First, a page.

So, 1. If the day is in a time loop what about people with relatives outside of the kingdom, did they ever visit, did the people in the time loop remember them visiting or did they see cousin Liz one day and the next time they saw her she was ten years older, and then they forgot they saw her. Are all their relatives dead any they don’t know?
2. What is the point of the giant eye? It's mentioned that it is there to stop crime, but if they are in a three hundred year old time loop every possibility has run out, you know every variation and know who/what/where/why crimes are taking place, so what is the point of the eye?
3. Why does Leander know he’s in a time loop? Queen Nerea didn’t tell him, when did he figure it out and how.?
4. Is there a woman in the kingdom who has been pregnant for three hundred years unable to give birth?
5. How does memory work here? It's so unclear, citizens remember that they haven’t seen the queen in a long time and that Leander has been basically doing her job for ages, how do they remember this when they are in a time loop?
6. At the end of the chapter Queen Nerea is like ‘I’m done with this time loop, I wanna get married’ and the town stays fine. Leander claims ‘the town will be doomed!’ and nothing happens. They sign the peace treaty and I thought ‘ah I get it, her citizens can be evacuated to my kingdom’ but nope, we poach a bunch of her people for our kingdom but other than that, NOTHING HAPPENS! Which leads me to believe Queen Nerea is full of it.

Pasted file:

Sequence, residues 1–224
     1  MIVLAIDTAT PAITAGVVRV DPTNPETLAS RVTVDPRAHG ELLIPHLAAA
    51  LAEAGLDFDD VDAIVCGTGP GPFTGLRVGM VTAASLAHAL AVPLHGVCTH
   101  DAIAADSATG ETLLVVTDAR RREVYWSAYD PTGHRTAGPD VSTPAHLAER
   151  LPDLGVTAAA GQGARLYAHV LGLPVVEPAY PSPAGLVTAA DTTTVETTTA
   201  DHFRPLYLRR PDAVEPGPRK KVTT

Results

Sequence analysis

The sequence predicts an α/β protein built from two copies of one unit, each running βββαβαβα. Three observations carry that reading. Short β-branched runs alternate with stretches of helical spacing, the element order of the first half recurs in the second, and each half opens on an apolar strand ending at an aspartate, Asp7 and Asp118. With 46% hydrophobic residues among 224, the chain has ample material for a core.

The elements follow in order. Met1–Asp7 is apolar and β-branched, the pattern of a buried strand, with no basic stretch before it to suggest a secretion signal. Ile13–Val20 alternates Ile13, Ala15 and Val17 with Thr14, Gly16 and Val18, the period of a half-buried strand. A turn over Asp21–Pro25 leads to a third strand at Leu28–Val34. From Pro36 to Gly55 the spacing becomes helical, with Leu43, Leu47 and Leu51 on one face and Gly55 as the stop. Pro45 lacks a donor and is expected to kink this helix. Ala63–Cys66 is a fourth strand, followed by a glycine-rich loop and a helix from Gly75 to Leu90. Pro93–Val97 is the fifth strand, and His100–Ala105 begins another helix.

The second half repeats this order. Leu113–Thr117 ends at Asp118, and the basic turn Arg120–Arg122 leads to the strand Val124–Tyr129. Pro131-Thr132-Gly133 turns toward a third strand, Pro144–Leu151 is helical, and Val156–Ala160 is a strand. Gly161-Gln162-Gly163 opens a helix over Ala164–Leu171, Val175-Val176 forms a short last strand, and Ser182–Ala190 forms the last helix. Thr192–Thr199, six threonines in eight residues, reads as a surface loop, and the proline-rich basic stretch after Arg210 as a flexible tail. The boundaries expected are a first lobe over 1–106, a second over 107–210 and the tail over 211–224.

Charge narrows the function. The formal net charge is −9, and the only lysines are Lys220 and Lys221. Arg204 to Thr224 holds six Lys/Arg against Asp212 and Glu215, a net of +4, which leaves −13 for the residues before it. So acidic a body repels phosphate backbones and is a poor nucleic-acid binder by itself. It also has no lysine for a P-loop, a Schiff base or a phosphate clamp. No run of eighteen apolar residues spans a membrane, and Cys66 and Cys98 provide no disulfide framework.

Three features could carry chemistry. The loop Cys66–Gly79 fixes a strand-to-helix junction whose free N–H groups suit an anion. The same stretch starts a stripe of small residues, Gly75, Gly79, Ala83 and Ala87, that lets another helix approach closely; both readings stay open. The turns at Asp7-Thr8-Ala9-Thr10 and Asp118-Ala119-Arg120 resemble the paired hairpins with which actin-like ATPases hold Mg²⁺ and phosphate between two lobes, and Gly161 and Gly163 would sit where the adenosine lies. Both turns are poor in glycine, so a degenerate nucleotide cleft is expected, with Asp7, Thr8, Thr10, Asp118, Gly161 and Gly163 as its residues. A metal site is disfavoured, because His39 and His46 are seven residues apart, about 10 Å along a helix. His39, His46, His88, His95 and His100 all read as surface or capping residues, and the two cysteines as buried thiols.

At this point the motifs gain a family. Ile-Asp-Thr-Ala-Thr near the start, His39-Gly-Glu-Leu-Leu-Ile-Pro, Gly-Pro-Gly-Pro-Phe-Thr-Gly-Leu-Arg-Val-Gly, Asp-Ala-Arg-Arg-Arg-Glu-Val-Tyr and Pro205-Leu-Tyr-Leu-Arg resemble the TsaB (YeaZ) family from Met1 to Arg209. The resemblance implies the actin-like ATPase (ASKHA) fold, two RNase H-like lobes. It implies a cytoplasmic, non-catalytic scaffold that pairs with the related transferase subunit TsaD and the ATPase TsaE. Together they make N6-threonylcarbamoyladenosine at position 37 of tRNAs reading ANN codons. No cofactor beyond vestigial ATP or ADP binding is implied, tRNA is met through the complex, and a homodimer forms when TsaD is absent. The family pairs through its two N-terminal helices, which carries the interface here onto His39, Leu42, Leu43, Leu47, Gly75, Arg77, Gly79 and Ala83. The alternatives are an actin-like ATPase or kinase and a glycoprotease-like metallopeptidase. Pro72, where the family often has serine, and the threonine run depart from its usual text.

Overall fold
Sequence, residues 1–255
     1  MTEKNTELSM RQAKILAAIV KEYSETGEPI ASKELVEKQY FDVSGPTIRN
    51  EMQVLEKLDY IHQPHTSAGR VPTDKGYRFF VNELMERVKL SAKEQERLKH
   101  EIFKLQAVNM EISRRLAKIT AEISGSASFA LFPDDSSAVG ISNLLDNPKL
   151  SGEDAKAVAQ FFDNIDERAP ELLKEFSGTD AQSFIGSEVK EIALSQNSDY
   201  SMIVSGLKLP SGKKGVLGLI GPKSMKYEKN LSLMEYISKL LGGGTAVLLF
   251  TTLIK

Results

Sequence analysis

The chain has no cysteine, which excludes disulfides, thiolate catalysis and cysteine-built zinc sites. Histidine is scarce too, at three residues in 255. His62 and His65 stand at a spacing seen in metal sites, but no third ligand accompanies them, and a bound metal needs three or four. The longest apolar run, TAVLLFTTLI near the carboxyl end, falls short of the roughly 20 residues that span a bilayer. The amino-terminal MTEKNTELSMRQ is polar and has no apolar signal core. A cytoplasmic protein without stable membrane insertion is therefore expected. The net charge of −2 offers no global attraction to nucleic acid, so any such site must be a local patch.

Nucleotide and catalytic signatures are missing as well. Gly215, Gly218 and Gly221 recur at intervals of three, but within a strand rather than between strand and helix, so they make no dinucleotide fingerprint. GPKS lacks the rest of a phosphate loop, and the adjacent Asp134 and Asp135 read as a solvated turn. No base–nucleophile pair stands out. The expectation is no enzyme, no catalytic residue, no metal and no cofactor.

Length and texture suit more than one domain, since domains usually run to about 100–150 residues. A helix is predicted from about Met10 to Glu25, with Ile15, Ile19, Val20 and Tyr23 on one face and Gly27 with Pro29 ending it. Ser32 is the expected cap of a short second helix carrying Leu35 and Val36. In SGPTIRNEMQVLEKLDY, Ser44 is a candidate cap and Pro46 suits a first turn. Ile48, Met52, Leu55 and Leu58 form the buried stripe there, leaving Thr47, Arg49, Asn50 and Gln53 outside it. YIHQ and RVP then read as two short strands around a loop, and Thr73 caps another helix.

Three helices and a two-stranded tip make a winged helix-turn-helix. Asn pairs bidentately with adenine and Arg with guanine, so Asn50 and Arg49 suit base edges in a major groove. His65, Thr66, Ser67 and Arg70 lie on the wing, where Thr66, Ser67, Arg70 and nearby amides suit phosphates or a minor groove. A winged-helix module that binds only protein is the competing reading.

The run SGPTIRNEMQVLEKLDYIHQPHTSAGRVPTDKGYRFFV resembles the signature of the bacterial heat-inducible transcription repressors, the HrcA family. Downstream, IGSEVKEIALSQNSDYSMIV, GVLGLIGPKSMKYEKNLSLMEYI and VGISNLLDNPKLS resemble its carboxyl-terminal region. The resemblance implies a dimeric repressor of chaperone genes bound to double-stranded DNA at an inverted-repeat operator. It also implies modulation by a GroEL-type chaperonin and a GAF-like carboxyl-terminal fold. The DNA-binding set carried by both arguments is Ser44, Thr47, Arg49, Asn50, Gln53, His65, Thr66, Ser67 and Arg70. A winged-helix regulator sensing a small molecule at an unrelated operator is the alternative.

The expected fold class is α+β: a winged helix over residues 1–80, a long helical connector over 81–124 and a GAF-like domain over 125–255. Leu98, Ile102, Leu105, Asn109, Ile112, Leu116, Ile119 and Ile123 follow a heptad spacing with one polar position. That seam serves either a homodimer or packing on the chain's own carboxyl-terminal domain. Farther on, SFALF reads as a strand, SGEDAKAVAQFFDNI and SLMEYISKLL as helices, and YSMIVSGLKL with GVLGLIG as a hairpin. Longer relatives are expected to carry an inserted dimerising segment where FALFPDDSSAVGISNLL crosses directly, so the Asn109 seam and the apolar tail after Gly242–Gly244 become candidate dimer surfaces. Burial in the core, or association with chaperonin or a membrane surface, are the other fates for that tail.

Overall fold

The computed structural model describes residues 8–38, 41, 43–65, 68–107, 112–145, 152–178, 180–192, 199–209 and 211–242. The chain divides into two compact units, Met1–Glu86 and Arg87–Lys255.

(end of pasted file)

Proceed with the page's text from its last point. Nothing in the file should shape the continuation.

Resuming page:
I did actually enjoy this game quite a bit, I did, I promise! The plot makes sense, most of the time, the characters were a joy to get to know, it covers some serious subjects in a sensitive way, with Zip and Bracken's friendship was my favourite storyline.
I can tell playing it through that people put a lot of thought into the game and it feels like a labour of love. I enjoyed questing and building my kingdom, I liked fighting and upgrading my weapons, I even liked the Higgledies as a nice nod to British folklore. I do think some minor tweaks could have improved the game greatly, but what is here unfolds at a decent pace, laying out an intriguing and beguiling story with only the odd niggle marring an otherwise excellent game.